Today Manatee County's Historical Courthouse stands as a monument to preservation and a glistening welcome to downtown Bradenton. Last week's dedication of the new landscaping follows the recent exterior renovations to the grand Classical Revival-style architecture of the 1913 courthouse.
Interior work continues, though much has been accomplished.
Once restoration work on a large courtroom is complete, the building and grounds will give Bradenton and Manatee County a historical masterpiece.
The courthouse houses the office of the Clerk of the Circuit Court and Comptroller, where R.B. "Chips" Shore has served as clerk since 1978.
Interestingly, the grounds are now as historical as the courthouse. A new gazebo inhabits the same spot as the original one, which was removed in 1920.
Only native Florida plants -- selected for historical accuracy and drought resistance -- grace the city's new "front yard," including cabbage palm, red maple, gumbo-limbo, dahoon holly and various wildflowers among others.
The pleasing design features meandering paths of shell-crete and brick paver entrances.
The plentiful benches and picnic tables, some with built-in game boards for chess and checkers, further invite the public to enjoy the ambience.
Credit a volunteer for leading the landscaping project, from her proposal to her father, "Chips" Shore, five years ago. Cindy Shore brought a background in landscape design and passion for Manatee County (as a fifth-generation native) to the effort.
Bradenton now has another stepping stone from downtown into Village of the Arts, a more pleasant stroll for residents and visitors. "I think we've done a really good service for the city," Shore said while guiding a tour of his much-improved courthouse and grounds.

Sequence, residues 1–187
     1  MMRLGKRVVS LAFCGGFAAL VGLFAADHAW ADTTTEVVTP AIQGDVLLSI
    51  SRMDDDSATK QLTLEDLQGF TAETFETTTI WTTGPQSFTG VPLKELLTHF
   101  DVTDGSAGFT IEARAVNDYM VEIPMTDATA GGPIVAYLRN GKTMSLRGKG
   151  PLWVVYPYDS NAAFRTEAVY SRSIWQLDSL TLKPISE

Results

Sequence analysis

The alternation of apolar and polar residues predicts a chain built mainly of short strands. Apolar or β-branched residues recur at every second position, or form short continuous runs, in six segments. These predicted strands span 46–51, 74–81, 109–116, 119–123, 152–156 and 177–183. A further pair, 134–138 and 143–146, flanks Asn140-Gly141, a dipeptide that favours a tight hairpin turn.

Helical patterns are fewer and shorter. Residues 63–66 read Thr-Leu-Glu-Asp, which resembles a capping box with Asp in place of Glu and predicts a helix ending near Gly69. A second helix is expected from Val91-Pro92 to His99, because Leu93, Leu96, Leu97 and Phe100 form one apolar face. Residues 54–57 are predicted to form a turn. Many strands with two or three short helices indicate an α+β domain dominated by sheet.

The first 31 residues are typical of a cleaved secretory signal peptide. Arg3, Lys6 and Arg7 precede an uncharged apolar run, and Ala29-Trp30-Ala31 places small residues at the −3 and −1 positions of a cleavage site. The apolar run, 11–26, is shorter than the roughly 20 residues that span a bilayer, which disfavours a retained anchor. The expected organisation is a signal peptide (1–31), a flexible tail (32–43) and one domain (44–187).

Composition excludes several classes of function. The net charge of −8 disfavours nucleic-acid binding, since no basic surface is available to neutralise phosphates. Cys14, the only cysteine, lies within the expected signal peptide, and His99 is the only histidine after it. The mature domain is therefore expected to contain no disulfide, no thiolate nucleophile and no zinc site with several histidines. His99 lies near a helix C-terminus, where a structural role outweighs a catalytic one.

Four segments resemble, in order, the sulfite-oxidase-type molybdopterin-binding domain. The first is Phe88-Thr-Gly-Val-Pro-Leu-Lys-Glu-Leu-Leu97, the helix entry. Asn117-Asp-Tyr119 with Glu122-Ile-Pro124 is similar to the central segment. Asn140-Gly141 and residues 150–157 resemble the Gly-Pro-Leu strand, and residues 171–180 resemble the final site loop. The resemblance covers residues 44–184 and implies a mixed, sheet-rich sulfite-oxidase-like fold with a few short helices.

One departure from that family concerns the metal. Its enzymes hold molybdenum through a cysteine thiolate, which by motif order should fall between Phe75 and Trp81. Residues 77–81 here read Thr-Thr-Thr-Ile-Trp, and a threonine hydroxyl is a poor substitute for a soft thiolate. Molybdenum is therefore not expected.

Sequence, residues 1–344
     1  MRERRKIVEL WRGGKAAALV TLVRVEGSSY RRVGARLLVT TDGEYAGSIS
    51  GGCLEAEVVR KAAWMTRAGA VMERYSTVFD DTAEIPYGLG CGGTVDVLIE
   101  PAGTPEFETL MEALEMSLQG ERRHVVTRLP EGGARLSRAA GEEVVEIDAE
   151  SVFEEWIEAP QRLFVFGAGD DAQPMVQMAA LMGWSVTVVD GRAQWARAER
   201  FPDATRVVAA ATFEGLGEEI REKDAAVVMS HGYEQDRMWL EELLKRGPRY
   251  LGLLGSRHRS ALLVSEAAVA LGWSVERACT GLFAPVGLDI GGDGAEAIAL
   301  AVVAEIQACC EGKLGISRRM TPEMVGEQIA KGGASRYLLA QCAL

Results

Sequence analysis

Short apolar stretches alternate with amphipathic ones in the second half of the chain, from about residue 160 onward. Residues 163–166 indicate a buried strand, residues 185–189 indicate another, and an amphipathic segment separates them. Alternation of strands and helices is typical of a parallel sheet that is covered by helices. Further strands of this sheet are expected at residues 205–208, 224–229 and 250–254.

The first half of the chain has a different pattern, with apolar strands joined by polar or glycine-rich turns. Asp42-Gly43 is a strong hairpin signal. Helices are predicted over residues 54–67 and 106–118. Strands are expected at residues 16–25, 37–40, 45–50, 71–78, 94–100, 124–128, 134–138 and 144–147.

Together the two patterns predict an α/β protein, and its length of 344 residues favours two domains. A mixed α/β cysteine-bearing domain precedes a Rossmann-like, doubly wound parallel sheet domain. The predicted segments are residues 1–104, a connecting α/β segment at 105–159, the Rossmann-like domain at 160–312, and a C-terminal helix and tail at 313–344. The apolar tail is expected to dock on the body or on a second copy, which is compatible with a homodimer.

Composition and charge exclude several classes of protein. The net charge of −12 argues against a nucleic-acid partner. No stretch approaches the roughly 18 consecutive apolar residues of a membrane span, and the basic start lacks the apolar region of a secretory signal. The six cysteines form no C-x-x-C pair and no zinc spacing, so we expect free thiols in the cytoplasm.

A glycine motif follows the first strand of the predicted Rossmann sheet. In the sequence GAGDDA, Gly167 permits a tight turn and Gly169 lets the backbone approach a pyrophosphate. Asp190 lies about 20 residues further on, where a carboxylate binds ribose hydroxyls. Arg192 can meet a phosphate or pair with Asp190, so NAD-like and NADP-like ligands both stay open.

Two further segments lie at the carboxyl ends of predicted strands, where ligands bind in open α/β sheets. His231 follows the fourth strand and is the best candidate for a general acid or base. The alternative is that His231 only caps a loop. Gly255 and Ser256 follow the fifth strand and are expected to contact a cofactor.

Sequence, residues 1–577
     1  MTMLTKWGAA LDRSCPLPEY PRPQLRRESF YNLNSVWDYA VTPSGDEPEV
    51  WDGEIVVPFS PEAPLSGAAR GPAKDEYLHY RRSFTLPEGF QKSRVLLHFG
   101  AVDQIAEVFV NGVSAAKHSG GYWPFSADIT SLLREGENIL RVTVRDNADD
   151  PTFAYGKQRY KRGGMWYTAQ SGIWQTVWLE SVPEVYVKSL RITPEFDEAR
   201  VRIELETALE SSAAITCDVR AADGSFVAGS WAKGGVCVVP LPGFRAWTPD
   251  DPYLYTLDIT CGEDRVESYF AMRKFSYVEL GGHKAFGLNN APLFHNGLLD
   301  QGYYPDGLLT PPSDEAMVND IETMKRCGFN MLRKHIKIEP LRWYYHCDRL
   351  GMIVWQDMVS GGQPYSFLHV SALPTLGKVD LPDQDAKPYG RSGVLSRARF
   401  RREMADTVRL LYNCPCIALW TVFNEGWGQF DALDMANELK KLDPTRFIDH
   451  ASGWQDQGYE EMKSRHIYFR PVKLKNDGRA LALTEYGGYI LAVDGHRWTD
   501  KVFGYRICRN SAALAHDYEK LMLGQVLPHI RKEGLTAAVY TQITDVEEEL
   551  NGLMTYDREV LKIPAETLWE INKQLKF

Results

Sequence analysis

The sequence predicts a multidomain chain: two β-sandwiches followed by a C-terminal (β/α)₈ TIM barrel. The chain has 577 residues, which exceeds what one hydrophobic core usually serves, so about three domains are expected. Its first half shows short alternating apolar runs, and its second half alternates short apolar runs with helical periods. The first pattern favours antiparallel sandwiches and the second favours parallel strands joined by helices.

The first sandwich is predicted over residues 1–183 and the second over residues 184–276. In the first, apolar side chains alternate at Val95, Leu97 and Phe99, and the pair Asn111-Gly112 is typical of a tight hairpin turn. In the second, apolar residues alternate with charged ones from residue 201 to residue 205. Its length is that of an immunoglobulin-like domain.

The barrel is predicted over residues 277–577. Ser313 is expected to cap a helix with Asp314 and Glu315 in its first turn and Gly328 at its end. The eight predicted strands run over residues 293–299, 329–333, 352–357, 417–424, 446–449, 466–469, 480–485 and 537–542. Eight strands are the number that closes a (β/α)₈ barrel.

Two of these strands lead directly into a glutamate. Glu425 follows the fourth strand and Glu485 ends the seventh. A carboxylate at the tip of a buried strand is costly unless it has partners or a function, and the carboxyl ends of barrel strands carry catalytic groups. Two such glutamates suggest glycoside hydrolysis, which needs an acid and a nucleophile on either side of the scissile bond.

We heartily agree.
A stretch of the Sixth Avenue West grounds await landscaping, while construction crews work on second-floor renovations and use the area as a staging spot.
The passageway between the county's Judicial Center and the Historical Courthouse now holds a Law Enforcement Memorial, a Veterans Memorial and plaques honoring the county's distinguished citizens.
Taxpayers should appreciate this: Not a single penny of county property tax revenue went into either building renovations or landscaping.
Shore managed to foot the bill out of the clerk's budget (thanks in part to the Legislature's increase in fees for all manner of services).
Shore also is saving a bundle on operating costs. With new double-paned windows and improved air conditioning, the clerk dropped the electrical cost from $181,210 in 2010 to $74,706 in 2012. The Energy Performance Rating soared from 34 to 93 out of 100, earning the EPA's Energy Star.
He also remodeled the first floor so every employee's desk faces the public counter -- thus, reducing wait times and increasing customer service. Cheers to this improvement, too.
The exterior historical beautification is something to behold, offering a fresh, commanding presence in downtown.